A bit of feuding might be good for NASCAR.
To rev up sales for the Bojangles’ Southern 500 on Saturday, Darlington Raceway went old school – raising the possibility of a rematch to last year’s post-race tussle between Kevin Harvick and Kyle Busch. And even though it was not part of the marketing plan, the track got a bonus when a top attraction – Danica Patrick, who will make her second Sprint Cup appearance Saturday – pushed Sam Hornish Jr. into the wall after last week’s Nationwide race.
Southern 500 ticket sales are up at Darlington for the first time in four years, track president Chris Browning said.
“Things like that get people talking,” he said.
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The sight of empty seats at NASCAR tracks has been common this year with fans complaining about high gas and hotel costs, less banging among cars and the lack of feuds that fuel passion.
Just don’t expect Patrick to seek revenge in the Pee Dee. She said Thursday that she apologized to Hornish, who had swerved into her car because of a flat tire. Busch and Harvick have not clashed this season – especially since Busch was suspended for one race and was dropped by his sponsor for two more late last year after crashing another driver.
“It does appear the aggressiveness is down a little bit,” Browning said. “The fire kicked off here last year. I think that’s what people like to see. Last year was a flashback. It was cool to see that emotion. It’s a different world today. Sponsors are hard to come by and drivers are in tune with that.”
NASCAR Fox TV commentator Mike Joy said fans want to see those priorities changed.
“I don’t want my driver to climb behind the wheel thinking about (how to avoid) upsetting his sponsor,” he said. “I want him thinking about what he has to do to win.”
That doesn’t mean there might not be another dust-up at Darlington – a narrow, 1.366-mile raceway that has been called a short track with cars cruising at larger raceway speeds.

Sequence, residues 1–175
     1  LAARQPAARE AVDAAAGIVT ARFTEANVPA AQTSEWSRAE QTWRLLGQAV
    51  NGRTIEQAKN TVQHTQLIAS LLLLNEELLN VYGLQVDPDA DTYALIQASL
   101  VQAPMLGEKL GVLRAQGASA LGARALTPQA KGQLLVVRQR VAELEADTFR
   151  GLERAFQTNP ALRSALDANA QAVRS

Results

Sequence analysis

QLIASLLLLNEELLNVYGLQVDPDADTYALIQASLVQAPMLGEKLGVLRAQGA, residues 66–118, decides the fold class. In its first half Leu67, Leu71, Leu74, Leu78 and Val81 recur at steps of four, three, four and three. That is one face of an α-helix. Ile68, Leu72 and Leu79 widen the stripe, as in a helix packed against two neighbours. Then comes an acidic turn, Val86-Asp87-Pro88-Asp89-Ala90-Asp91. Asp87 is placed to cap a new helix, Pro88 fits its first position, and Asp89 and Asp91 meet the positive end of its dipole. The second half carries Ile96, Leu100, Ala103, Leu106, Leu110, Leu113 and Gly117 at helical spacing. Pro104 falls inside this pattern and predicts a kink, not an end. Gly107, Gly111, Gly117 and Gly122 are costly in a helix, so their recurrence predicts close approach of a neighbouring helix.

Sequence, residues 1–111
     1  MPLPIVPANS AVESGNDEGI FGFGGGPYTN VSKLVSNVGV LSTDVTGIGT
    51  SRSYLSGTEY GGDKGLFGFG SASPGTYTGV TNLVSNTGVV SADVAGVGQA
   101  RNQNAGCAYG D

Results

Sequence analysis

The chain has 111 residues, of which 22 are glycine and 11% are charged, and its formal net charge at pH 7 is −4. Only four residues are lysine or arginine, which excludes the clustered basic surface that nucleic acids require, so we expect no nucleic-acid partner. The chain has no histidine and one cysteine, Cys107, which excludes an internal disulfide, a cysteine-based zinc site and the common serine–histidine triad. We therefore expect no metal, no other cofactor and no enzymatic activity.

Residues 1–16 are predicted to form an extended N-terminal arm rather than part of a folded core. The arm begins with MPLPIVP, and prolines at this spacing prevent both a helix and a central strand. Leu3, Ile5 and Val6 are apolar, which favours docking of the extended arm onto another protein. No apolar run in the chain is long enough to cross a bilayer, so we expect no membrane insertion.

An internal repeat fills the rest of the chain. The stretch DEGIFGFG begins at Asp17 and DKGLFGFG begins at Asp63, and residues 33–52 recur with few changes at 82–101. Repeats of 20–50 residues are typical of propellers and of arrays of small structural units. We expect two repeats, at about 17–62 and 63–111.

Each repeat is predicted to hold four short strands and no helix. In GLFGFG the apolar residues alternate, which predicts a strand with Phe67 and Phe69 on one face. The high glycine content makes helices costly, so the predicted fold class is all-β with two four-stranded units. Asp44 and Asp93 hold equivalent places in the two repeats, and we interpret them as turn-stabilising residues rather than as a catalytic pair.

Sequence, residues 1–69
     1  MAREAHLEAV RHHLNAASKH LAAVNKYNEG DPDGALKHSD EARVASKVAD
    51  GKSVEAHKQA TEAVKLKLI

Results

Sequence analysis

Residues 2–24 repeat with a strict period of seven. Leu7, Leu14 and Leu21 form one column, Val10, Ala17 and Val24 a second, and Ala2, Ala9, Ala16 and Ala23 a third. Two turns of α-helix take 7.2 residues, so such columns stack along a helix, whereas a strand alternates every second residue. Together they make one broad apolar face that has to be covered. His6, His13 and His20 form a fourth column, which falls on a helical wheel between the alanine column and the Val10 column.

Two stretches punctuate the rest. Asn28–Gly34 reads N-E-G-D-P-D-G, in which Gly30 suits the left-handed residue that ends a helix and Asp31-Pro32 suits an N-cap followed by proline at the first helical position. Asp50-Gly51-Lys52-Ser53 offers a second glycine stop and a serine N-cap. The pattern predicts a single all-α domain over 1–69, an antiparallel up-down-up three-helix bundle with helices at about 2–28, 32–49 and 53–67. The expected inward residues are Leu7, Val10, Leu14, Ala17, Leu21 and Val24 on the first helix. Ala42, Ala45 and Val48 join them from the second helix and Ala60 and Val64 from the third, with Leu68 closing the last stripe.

“There are racetracks like Charlotte or Texas or Talladega that are wide enough to cut somebody some slack,” Joy said. “There’s no room on this racetrack to give anybody an inch. Fenders are going to get bent. Tempers are going to get ruffled. That’s the kind of place Darlington is. There is so little margin for error that a whole bunch of somebodys are going to be mad at somebody else.”
Driver Ryan Newman, a veteran of 13 races at Darlington, said the egg-shaped track has a way of pushing buttons.
“The track just kind of gets everybody on edge because you have to race the racetrack,” he said. “It’s so easy to be frustrated at the guy in front of you because he’s just trying to keep it off the fence.”
Driver Martin Truex Jr. had his own theory for the lack of feuds after 10 races this year: “It’s early.”
“It’s not every weekend that we see things like what happen last year (at Darlington),” Truex said during a promotional stop at Love Automotive in Cayce to help repair S.C. National Guardsman Blair Raines’ pickup. “You never know when it could happen again. It could be any day.”
Still, drivers said they wish fans would appreciate the quality of racing – without all the busted fenders and bruised egos.
“We’re stuck in the whole dilemma of talking about racing versus crashing,” Newman said. “Not everybody wants to see crashing, but there’s a good part of them that want to see that big crash. I wish we could just talk about the racing.”
Improvements to the tires and car body designs allow drivers to save themselves from wrecking when they get pushed around.
“We don’t want to see boring races, nobody does,” Newman said. “Used to be, if somebody slips a little bit and somebody gets underneath them, (it) spins them around. It may have been intentional, it may have been unintentional. We’re not seeing that stuff anymore.”
That could change with new car body designs introduced next season, he said.
“Let’s see if they race better in the fans’ eyes.”